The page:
The Autobiography of Samuel S. Hildebrand: The Renowned Missouri Bushwacker

edited by Kirby Ross

Missouri bushwhacker Samuel Hildebrand found refuge in a dank cavern after an exhausting all-night escape from his Federal pursuers. During the daylight hours, he stayed underground, where he was joined by comrades and sympathetic allies, one of whom informed Hildebrand that Union troops had executed his brother Henry.

News of his brother’s death stunned Hildebrand, who had already lost two other siblings to Union raiders. Even his family farm had suffered from the wrath of Northern vigilante groups; it lay in ruins, leaving his family homeless and destitute.

Feelings of rage did not immediately fill Samuel Hildebrand’s heart, however, nor did thoughts of revenge consume his mind. For some time Hildebrand remained quiet, strangely calm, contemplating the meaning of a Civil War that in his native Missouri had degenerated into indiscriminate butchery and indescribable savagery.

Suddenly he was struck by an epiphany: “I determined to sell my life as dearly as possible,” he recalled in his 1870 memoir titled Autobiography of Samuel S. Hildebrand: The Renowned Missouri Bushwhacker, “and from that moment wage a war of fire and blood against my persecutors, while one should last, or until I was numbered with the dead.”

An inspired Hildebrand ran toward the mouth of the cavern, screaming revenge like a madman, his war cry reverberating throughout the earthen chamber. When he exited the cave, he plunged into a dark world of remorseless killing that resulted in a murderous campaign across Missouri, earning him a reputation second only to that of William C. Quantrill and “Bloody” Bill Anderson.

Hildebrand’s killing spree contributed to a guerrilla war that few Americans today associate with a civil conflict they prefer to view as a noble but tragic event that pitted brother against brother. Images of valor and bravery in battles between organized armies should not obscure the war of terror that engulfed regular soldiers, irregular partisans and civilians in Missouri and neighboring Kansas.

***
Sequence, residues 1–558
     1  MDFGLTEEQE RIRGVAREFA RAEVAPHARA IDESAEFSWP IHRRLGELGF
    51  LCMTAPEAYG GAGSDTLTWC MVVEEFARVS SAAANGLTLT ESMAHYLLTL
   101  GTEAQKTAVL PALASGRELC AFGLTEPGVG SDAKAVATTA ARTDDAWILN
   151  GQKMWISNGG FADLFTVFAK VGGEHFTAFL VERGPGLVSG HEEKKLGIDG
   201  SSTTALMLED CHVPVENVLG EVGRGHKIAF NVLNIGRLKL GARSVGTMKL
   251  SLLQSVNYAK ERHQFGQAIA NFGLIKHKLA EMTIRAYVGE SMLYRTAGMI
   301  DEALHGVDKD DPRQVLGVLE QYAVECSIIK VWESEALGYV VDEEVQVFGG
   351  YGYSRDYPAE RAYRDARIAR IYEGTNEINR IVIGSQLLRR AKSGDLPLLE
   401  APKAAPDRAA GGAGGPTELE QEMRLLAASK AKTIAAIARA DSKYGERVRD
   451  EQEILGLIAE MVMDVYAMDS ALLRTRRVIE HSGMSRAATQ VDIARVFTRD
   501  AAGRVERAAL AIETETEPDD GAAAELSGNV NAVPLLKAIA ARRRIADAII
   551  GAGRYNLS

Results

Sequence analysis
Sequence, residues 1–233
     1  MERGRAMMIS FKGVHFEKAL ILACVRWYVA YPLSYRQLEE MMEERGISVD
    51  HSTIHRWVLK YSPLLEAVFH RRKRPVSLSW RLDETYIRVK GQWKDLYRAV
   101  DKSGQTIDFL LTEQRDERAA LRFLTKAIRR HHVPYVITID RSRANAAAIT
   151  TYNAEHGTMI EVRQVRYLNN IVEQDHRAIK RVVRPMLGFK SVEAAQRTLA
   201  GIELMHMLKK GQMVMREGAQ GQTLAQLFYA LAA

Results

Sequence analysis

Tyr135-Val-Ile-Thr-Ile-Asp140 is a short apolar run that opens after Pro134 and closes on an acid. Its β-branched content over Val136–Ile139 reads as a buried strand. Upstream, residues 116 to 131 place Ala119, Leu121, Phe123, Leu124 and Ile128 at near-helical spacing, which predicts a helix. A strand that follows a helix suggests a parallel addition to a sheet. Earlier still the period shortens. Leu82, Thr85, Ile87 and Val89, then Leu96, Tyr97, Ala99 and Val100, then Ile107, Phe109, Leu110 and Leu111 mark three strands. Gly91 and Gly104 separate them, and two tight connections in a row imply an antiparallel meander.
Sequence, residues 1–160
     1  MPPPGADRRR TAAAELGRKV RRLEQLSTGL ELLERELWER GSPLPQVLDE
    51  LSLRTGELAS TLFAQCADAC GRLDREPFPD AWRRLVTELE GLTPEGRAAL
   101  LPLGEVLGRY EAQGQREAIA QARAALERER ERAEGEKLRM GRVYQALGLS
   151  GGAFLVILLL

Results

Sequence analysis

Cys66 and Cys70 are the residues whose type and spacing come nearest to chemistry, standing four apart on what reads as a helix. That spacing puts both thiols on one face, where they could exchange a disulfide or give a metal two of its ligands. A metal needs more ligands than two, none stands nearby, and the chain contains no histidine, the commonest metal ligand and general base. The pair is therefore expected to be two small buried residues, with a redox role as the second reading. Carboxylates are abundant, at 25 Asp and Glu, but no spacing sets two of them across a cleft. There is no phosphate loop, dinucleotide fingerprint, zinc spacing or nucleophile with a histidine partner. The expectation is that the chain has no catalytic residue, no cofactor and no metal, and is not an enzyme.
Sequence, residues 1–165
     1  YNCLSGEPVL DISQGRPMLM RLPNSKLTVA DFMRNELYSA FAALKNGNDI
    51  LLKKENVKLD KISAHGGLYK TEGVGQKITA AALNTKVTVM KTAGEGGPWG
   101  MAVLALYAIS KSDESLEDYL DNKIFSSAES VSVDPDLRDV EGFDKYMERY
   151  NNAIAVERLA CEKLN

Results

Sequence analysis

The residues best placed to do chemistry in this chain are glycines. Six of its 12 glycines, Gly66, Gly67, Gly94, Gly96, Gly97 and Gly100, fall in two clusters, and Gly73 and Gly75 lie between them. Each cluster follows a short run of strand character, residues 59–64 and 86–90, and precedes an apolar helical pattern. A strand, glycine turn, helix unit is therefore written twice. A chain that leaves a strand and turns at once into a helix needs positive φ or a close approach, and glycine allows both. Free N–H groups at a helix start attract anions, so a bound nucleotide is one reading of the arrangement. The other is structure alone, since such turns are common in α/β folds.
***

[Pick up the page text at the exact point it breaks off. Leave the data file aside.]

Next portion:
Those bitter confrontations originated in antebellum conflicts within local communities between antislavery and proslavery forces. The battles continued unabated after Fort Sumter under “official” sanction by two warring nations. As Hildebrand freely admitted, he was a soldier wearing gray, but he preyed upon Union troops to settle personal scores against former neighbors, not to advance the policies of Richmond authorities.

Hildebrand’s memoir carefully outlines an endless trail of murderous exploits, remarkable for its brutal honesty and graphic detail. In fact, it is the dry, clinical descriptions of these vengeful operations that make Hildebrand’s writings so disturbing. Nothing better captures the coldblooded impulses of this bushwhacker than the nickname he gave his “faithful” weapon, “Kill-devil.”

There is not a whiff of remorse in his autobiography, but like writers of all memoirs, Hildebrand seeks history’s forgiveness. He insists that neighborhood enemies had declared war on him first and that his ensuing actions were justifiable and even in keeping with standard military practices. He writes: “My enemies say that I am a ‘Bushwacker.’ Very well, what is a ‘Bushwhacker’? He is a man who shoots his enemies. What is a regular army but a conglomerate mass of Bushwhackers? But we frequently conceal ourselves in the woods, and take every advantage! So do the regular armies. But a Bushwhacker will slip up and shoot a man in the night! Certainly, and a regular army will slip up and shoot a thousand.”

Reading the Autobiography of Samuel S. Hildebrand, which has recently been republished by the University of Arkansas Press, raises intriguing moral issues about the nature of war. In the process it reminds us that the United States is not unlike other nations in the world that have endured unspeakable war crimes in the pursuit of democracy.

 

Originally published in the August 2006 issue of Civil War Times. To subscribe, click here